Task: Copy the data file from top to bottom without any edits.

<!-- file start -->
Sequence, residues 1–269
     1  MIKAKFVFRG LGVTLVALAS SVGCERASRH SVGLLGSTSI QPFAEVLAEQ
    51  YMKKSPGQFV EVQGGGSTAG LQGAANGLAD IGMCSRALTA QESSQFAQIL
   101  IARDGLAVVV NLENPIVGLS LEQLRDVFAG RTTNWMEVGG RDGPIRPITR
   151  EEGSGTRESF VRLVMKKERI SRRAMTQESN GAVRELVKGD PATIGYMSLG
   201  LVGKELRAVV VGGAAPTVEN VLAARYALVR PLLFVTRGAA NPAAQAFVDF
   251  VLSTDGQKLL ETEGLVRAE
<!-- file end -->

Sequence, residues 1–269
     1  MIKAKFVFRG LGVTLVALAS SVGCERASRH SVGLLGSTSI QPFAEVLAEQ
    51  YMKKSPGQFV EVQGGGSTAG LQGAANGLAD IGMCSRALTA QESSQFAQIL
   101  IARDGLAVVV NLENPIVGLS LEQLRDVFAG RTTNWMEVGG RDGPIRPITR
   151  EEGSGTRESF VRLVMKKERI SRRAMTQESN GAVRELVKGD PATIGYMSLG
   201  LVGKELRAVV VGGAAPTVEN VLAARYALVR PLLFVTRGAA NPAAQAFVDF
   251  VLSTDGQKLL ETEGLVRAE